Stars are best regarded as living organisms, but organisms which are physiologically and psychologically of a very peculiar kind. The outer and middle layers of a mature star apparently consist of “tissues” woven of currents of incandescent gases. These gaseous tissues live and maintain the stellar consciousness by intercepting part of the immense flood of energy that wells from the congested and furiously active interior of the star. The innermost of the vital layers must be a kind of digestive apparatus which transmutes the crude radiation into forms required for the maintenance of the star’s life. Outside this digestive area lies some sort of coordinating layer, which may be thought of as the star’s brain. The outermost layers, including the corona, respond to the excessively faint stimuli of the star’s cosmical environment, to light from neighbouring stars, to cosmic rays, to the impact of meteors, to tidal stresses caused by the gravitational influence of planets or of other stars. These influences could not, of course, produce any clear impression but for a strange tissue of gaseous sense organs, which discriminate between them in respect of quality and direction, and transmit information to the correlating “brain” layer.

Olaf Stapledon, Star Maker (1937)



Filed under Philosophy, Physics, Science

3 responses to “The Life and Death of Stars

  1. Only just found this – which is a shame, because it’s lovely! A couple of things to add, one science fictional and one from a teaching point of view.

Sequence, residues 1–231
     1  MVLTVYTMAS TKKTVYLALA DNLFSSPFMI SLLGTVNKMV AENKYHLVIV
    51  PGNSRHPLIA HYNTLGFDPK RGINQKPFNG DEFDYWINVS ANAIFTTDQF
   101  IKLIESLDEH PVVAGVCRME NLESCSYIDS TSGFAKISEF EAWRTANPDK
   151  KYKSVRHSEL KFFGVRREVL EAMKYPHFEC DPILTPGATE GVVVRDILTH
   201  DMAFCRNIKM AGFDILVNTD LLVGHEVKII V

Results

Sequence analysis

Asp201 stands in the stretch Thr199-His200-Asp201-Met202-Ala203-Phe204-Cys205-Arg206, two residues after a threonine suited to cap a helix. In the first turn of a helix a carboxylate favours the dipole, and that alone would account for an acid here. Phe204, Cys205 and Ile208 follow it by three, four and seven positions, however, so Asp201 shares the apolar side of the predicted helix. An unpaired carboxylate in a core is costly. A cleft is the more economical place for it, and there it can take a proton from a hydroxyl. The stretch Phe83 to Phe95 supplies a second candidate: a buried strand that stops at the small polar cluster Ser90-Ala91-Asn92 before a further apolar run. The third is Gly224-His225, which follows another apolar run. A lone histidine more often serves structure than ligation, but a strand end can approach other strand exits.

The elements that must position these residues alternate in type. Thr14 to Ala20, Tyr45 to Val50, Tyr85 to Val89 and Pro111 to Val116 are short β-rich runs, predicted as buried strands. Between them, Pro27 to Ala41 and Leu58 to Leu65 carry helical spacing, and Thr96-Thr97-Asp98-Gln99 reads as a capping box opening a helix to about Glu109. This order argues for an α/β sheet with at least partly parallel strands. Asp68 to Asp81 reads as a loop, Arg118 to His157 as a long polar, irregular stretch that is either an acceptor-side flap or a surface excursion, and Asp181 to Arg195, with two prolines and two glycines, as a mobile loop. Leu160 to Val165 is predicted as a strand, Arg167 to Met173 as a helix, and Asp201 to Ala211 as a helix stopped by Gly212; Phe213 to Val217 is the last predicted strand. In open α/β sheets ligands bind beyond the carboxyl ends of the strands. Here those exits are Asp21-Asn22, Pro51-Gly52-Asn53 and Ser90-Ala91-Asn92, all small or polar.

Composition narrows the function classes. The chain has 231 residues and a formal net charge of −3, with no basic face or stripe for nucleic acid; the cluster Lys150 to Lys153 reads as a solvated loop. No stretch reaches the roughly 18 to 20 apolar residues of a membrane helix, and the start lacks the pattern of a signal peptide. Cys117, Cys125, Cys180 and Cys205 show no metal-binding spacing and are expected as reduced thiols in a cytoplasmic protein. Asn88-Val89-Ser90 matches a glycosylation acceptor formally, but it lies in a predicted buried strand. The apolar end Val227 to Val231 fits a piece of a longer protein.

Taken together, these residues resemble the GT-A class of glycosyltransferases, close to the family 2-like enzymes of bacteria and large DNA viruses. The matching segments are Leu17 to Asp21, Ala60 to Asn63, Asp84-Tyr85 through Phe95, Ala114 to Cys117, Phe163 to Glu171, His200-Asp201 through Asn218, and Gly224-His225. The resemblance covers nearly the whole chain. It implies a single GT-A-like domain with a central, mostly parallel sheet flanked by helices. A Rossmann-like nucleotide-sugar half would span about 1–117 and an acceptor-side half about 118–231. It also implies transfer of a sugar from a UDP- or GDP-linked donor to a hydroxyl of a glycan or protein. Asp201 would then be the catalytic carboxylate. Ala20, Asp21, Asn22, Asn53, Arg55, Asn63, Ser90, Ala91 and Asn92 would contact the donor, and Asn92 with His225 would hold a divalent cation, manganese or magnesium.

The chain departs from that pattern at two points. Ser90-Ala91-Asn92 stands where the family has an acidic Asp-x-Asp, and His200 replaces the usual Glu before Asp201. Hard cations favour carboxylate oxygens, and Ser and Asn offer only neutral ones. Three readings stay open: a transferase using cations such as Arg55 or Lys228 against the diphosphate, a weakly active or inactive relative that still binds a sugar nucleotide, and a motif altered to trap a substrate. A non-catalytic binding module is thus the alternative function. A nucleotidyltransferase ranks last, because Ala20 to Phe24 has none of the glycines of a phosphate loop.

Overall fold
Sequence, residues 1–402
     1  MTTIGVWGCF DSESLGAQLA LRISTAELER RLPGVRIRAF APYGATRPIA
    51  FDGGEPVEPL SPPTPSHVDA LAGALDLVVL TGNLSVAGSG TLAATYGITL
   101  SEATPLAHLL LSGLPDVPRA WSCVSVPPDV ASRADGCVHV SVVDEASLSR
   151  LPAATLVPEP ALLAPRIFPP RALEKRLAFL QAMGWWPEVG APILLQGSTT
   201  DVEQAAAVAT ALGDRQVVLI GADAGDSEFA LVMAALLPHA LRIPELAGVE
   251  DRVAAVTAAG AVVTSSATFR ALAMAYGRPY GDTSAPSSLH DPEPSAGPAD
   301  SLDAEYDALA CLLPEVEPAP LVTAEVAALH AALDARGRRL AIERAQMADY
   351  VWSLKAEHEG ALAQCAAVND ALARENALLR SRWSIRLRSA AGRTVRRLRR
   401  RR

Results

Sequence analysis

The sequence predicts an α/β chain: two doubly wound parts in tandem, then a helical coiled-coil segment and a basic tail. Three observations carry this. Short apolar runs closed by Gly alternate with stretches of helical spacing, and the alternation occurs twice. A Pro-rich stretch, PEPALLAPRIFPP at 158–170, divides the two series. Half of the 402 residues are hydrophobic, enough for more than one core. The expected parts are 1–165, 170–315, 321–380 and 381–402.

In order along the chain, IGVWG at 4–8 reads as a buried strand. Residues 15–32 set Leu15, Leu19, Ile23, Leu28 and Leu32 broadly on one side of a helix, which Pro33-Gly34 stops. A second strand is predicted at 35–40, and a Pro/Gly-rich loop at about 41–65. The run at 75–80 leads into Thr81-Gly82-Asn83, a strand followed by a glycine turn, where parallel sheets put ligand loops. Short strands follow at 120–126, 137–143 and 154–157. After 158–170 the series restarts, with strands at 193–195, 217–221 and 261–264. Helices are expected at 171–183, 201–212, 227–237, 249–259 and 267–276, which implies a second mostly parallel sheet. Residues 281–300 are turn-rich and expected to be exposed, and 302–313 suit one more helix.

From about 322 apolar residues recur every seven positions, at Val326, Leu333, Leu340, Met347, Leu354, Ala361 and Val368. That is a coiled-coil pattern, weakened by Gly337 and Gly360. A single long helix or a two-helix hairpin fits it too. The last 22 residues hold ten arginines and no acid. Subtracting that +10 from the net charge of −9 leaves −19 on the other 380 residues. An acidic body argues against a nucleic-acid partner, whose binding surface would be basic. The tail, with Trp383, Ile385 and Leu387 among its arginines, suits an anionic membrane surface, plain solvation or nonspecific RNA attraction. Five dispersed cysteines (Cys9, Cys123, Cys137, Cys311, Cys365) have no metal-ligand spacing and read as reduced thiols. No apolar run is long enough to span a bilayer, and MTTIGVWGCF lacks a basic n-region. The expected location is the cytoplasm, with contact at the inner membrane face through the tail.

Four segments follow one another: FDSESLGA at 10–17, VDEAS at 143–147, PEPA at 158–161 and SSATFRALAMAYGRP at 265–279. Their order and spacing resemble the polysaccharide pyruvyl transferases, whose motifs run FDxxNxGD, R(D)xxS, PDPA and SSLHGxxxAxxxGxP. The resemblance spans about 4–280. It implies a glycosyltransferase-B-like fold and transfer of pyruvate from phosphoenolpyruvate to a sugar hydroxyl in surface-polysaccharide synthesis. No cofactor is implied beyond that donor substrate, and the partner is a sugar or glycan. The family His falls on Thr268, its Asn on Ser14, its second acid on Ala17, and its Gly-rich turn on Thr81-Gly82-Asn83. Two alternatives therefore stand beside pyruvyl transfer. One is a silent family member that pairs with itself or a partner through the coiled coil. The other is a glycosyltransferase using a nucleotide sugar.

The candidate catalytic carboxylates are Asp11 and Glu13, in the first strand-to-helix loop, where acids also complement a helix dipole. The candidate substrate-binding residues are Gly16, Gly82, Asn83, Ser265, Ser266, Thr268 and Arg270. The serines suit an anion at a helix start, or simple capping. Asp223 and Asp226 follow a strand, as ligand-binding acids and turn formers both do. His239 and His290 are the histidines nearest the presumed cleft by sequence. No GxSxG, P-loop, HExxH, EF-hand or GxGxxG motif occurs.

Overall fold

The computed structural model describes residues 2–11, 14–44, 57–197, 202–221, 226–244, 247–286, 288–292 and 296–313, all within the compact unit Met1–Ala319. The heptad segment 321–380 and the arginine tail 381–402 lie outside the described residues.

One is that Frank Herbert wrote some stories which were based around the idea of stars as living beings. The astrophysics may be patchy but the narratives are fun!

    The more useful part is that describing stars as having a lifecycle in this way – with careful discussion of what it means – allows a nice explanation of how short-term data allows us to predict and explain stellar changes from our limited. We rarely ‘see’ the changes a star goes through, and certainly we have not been able to observe all these changes for a single object. We do, however, have many stars at different stages and on different pathways. This is like taking a 1 minute video of a crowd in a local city centre. No aging happens in that instant, yet the many different examples can be placed in an order. Transitions and stages can be described, with predictions about common features and likely results. With enough data, we can have more and more confidence in the models of human lifespan and development that we construct.

    • Thank you, Ian. I appreciate the comment. I’ve not read much Frank Herbert apart from the superb “Dune”. I have to admit I’m not reading a lot of SF at the moment. My reading habits seem to have moved resolutely to the non-fiction side of things in the last few years. However, SF (Clarke, Asimov, Sheckley et al) were hugely important influences.

      It would make an interesting STEM extension activity to show students a 60 min clip of a high street and then get them to analyse it from the perspective of an alien who needs to understand the life cycle of humans (e.g. “The small mass humans appear to be dependent on the large mass humans until they pass a certain mass threshold, whereupon they can strike out independently. However, the slow moving humans seem to be the oldest…”

      H’mmm — I wonder if we could a draw a graph similar to the HR diagram for humans…? XKCD might have beaten us to the draw there

      I remember reading a similar analogy in Patrick Moore’s “History of Astronomy” — one of my all-time favourite books — to explain how astronomers deduced the life cycles of stars.